In the coming days, millions of Americans will travel to celebrate the Thanksgiving holiday with family and friends. May I pose a novel idea? As we go through the airport screening line, let's stop and say "thanks" to the men and women of the TSA who give up time with their families during the holidays to keep us safe from terror.He continues:
In the past few weeks, these patriots have been compared with Big Brother and accused of sexual assault. They've suffered the same kinds of public indignities the Left has heaped on the men and women of the CIA--being accused of engaging un-American and unlawful behavior for doing the difficult and unpleasant work of protecting the country. They deserve better.
If a passenger who is supposed to be seated near us on our next flight has a bomb in his underwear, I suspect most of us would prefer that the explosive be uncovered when he tries to get through airport security--not when a Dutch tourist sees the passenger in the row ahead of him try to set it off and dives across the plane to stop him, as happened on a flight to Detroit last Christmas.First, it is idiotic to claim, "No one touched my junk." When his "junk" has been radiated in a fashion where the consequences are unkown.
In the last two weeks, I have been through TSA screening eight times--and not once was I asked to go through the millimeter-wave machine, or undergo an enhanced pat-down. Odds are that most of the 2.2 million passengers who will go through airport security each day during this holiday weekend will have a similar experience. On the last leg of my trip, I finally asked to go through both procedures to see what all the fuss was about. No one touched my junk.
When it comes to my body, I am really am a very late adopter, even when tests have been done, which they haven't with the porn scanners. Let Thiessen get his balls exposed to the scanner once a week for the next 10 years, and then let him write an article about the condition of his balls, and I might consider stepping into one of those things.
But the bigger picture is that Thiessen simply has a facsist mentality. He sets up the strawman argument that if government dosesn't provide security for passengers, no one will. That's simply absurd.
Security needs to be turned over to the airlines. That's how innovations in products come about and a common respect for a customer comes about. Not by turning it over to an organization, the government, that is the embodiment of coercion with bad attitude.
Using basic economic principles, Bill Anderson called it in 2002:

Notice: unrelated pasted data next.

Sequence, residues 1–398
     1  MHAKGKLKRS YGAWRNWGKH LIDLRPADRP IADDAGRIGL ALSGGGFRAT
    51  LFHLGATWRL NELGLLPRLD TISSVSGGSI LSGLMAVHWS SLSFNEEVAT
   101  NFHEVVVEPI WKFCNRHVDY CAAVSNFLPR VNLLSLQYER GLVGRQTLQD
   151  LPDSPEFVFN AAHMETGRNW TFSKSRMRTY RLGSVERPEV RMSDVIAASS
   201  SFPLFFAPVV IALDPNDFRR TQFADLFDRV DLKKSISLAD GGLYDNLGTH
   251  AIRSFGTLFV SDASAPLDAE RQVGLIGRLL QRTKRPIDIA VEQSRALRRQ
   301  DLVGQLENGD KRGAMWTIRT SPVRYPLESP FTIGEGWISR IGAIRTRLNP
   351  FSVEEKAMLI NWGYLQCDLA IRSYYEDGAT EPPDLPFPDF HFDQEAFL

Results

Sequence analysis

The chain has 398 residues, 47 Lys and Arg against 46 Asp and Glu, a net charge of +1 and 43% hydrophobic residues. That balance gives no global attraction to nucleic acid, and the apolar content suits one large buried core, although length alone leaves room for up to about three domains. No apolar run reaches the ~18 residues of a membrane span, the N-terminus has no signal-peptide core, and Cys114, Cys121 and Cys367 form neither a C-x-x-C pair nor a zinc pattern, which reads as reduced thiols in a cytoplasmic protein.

Once screeners become full-fledged government employees, however, the incentives structure will change dramatically. The inspectors will be working for the federal government and will have no obligations at all toward passengers, except to treat all of them like criminals...In this new atmosphere, one can expect a number of things. First, searches will be slower and more cumbersome, since the fewer people who actually get through, the lower the probability that a plane can be hijacked. Empty seats on flights will not matter to federal employees whose paychecks will come courtesy of the taxpayers.
Second, it is quite likely that screeners and other government security personnel will be more rude toward passengers than they are at present. While some of us have suffered through some brutal searches, I fear the worst is to come.
It is the same basic economic principles that Anderson used to warn us, that we can use to understand how to remove these abusive, possibly dangerous to our health, searches. Get government out of the equation. As many have pointed out before me, the airlines have plenty of incentive to protect their passengers. They don't want to lose multi-million dollar aircraft and they don't want to become known as an airline that loses its passengers to bombings.
Americans may get a kick out of ordering soup from a "Soup Nazi", but they don't want that attitude in all parts of their lives. And they certainly don't want to be told they have an "option" between a "grab up" and a radiation scan. The real option is to let the airlines handle it, in whatever new and creative ways they choose.
This Thanksgiving the only thing the TSA employees deserve from us is a kindly warning.
First, ask them, why TSA superiors won't let them where radiation badges to check how much radiation they are exposed to. And then point them to scientists who question how difficult it is to control the radiation bursts from those machines and the unkown consequences of the particular radiation coming from those machines.
You see, I suspect Joe Pistole, Janet Napolitano and Michael Chertoff are messing big time with the heads of the average TSA employee, and possibly putting them at great risk. After all, what's the harm in wearing a tiny radiation badge?